Seidman, meanwhile, is back with a new edition of his book, this time with a foreword by former U.S. president Bill Clinton and a new body of independent research demonstrating that values-inspired companies do in fact outperform others. (The research is written up in The HOW Report: Rethinking the Source of Resiliency, Innovation, and Sustainable Growth [Global Edition, LRN Corporation, 2012, ]). If Seidman, who has a Harvard Law School degree and advanced degrees in moral philosophy, is correct, companies that actively seek to make a better world through their business won’t merely stand on the moral high ground. They will have a significant, sustainable performance edge.
S+B: Talk about the HOW Report and what you learned from it.
SEIDMAN: We were trying to test the link between values and performance, so we surveyed about 5,000 managers and executives in the United States. To track their values, we asked them questions on 22 behavioral dimensions. For example, when people go around their boss because they believe it’s the right thing to do, are they punished or rewarded? Is information hoarded, with people informed only on a need-to-know basis? Are they trusted to make decisions? What is the mix of coercion, motivation, and inspiration?
These questions go beyond a typical employee-engagement survey, which might ask, “Do you like this company? Do you feel fear?” Employees who feel fear don’t answer questions honestly. Some surveys ask, “Has your boss taken you to lunch lately?” But what if your boss berates you at lunch?
At my firm, the LRN Corporation, we designed the questions, statements, and descriptions used in the survey instrument; they were then tested, refined, and delivered by independent experts in behavioral economics, organizational behavior, and qualitative research. [The experts included University of Southern California professor Edward Lawler, author of “The Talent Lie,” s+b, Summer 2008, and Boston Research Group president Warren Cormier.] We kept those processes separate from LRN, because I was clearly biased from the outset. This was the biggest bet of my career.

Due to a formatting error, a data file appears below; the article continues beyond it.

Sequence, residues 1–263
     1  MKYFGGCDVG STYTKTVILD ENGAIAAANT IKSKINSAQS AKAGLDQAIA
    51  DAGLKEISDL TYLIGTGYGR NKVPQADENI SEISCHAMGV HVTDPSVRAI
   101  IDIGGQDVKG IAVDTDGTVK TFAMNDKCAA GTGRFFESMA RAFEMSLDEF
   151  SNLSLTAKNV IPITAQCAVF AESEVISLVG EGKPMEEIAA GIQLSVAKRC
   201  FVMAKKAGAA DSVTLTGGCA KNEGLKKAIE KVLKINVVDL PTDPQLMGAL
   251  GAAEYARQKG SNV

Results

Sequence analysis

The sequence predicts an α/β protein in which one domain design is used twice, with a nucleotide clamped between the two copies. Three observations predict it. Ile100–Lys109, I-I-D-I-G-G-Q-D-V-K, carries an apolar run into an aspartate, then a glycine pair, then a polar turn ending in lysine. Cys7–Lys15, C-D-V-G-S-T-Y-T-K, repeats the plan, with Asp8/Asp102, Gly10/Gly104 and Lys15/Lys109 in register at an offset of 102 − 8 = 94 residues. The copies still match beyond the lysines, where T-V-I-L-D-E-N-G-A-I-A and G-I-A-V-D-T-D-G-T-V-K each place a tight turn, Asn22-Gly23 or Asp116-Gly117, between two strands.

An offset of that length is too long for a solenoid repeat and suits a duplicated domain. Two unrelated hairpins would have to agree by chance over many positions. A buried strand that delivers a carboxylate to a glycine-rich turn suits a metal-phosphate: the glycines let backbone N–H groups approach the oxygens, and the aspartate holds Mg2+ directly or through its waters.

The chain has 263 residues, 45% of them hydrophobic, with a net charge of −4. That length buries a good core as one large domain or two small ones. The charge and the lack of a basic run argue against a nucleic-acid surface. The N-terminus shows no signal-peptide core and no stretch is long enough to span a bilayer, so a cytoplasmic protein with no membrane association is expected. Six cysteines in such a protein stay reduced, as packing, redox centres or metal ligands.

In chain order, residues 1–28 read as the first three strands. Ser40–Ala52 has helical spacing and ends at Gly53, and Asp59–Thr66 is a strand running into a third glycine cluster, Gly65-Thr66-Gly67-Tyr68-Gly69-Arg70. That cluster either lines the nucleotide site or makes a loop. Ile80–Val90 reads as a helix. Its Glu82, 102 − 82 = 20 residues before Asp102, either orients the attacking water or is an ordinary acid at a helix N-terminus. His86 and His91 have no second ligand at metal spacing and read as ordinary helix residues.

S+B: What did you wager?
SEIDMAN: I wagered my reputation. In How I was on record claiming that companies that scored higher in day-to-day values would have better performance. If the statistics didn’t match, then I’d be toast. How could I keep giving speeches? How could I allow President Clinton’s foreword to be published? I could keep arguing for more principled business behavior, but it would have to be for non-performance-related reasons.
S+B: What were the terms of the bet? That enlightened companies would do better financially?
SEIDMAN: Not just financially, but in every metric that matters: Levels of innovation, receptivity to new ideas, employee loyalty, staff referrals, customer satisfaction, resilience, and corporate reputation.
We found that all the companies fit into one of three general categories. Companies in the first group, called “blind obedience,” rely on coercion, formal authority, policing, and top-down command-and-control leadership. The second group, “informed acquiescence” organizations, have clear-cut rules and policies, well-established procedures, and performance-based rewards and punishments — the standards of high-quality 20th-century management. The third group, organizations with “self-governance,” are the most farsighted organizations, best positioned to thrive in an interdependent world. People at all levels of the company are trusted to act on their own initiative and to collaboratively innovate; a shared purpose and common values guide employee and company behavior.
In a blind obedience system, there is a great deal of misconduct, compounded by the fact that it’s invisible; no one talks about it. In an informed acquiescence system, there is less misconduct, but people still tolerate it. In a self-governance system, when there is misconduct, people talk about it and consciously set up practices to address it.